The ability of humans to produce their own light changed society. It allowed people to control the amount of light available to them independent of time of day, which lengthened the workday, created a new industry, and made way for other machines to enter homes as electric wiring became more available. However, humanity’s ability to light the night has had some consequences.
Light pollution, or artificial light at night, is the excessive or poor use of artificial outdoor light, and it has several forms: glare or over-illumination, which is direct light from the fixture; sky glow or the human-created brightening of the night sky; light trespass that occurs when light hits areas not intended to be lit; and clutter, which occurs when lights are grouped in an excessive or confusing pattern. Largely a result of poor design where the light shines out or up in addition to its desired direction, light pollution disrupts the natural patterns of wildlife, contributes to the increase in carbon dioxide (CO2) in the atmosphere, disrupts human sleep, and obscures the stars in the night sky.
Light pollution impacts urban and suburban areas most severely and more than half of humanity lives in cities, a percentage the United Nations expects to increase. No matter where you live you can help lessen light pollution in your community by:
Assessing the outdoor lights on your home or school, then change the design or advocate for a design update by talking to your guardian, property manager, or principal about eliminating some fixtures or replacing them with dark sky-friendly lighting.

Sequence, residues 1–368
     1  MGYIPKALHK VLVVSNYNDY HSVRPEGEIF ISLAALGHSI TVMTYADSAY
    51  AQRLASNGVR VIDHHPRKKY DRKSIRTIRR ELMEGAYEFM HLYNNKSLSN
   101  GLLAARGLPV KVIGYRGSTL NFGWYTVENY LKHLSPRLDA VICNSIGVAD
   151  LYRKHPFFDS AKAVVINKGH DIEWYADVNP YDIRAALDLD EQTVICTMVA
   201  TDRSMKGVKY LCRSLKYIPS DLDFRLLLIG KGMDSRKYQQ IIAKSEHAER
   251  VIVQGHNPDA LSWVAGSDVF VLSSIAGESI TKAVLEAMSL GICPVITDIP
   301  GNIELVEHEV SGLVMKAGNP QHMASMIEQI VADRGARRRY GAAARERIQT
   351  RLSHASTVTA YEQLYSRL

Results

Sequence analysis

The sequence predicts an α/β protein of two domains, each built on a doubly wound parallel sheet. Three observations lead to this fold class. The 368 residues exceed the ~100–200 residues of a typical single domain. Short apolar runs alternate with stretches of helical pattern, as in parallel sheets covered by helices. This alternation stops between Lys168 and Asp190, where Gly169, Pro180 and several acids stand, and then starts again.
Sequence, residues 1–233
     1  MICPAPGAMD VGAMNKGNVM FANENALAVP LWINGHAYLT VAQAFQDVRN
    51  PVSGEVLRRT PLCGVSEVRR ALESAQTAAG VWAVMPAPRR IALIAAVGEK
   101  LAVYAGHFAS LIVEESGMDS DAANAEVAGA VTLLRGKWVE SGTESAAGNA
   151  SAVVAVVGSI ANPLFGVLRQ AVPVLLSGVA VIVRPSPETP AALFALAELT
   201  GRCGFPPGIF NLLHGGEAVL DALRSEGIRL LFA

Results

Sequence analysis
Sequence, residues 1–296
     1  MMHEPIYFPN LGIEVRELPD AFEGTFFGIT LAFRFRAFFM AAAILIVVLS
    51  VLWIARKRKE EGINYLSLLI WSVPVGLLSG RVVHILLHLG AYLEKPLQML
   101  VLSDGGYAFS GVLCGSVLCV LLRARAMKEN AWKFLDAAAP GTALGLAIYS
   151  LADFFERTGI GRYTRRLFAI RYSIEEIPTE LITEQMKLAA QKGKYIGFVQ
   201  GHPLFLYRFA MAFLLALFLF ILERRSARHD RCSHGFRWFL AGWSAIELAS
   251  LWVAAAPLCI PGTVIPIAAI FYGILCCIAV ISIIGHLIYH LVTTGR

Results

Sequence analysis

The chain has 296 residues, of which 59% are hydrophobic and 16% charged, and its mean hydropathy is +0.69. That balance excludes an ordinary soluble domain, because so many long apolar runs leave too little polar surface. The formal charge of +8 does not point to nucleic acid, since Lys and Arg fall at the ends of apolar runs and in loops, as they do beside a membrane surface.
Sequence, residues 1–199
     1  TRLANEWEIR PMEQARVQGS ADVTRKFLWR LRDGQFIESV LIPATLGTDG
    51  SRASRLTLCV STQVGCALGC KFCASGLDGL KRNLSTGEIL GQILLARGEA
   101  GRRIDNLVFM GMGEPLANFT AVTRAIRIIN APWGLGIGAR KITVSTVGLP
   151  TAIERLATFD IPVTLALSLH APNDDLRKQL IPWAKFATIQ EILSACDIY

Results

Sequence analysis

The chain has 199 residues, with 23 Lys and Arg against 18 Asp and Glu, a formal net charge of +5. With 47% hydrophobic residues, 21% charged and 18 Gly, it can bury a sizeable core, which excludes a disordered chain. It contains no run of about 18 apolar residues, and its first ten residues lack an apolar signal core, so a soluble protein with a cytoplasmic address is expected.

Spreading the word! Talk to your family, friends, neighbors, or share the word online to help raise awareness about the impacts light pollution has on the environment.
Advocating for updated lights in your community. Do your research on areas where lighting can be improved and present your work to your local government officials.
Becoming a citizen scientist and submitting measurements of the night sky brightness where you live to the Globe at Night project.
This map layer was created by the National Aeronautics and Space Administration (NASA) with data collected by satellites then corrected for factors such as cloud cover, vegetation, and land cover type. The data has been validated with measurements taken on the ground. Read more about this dataset here.
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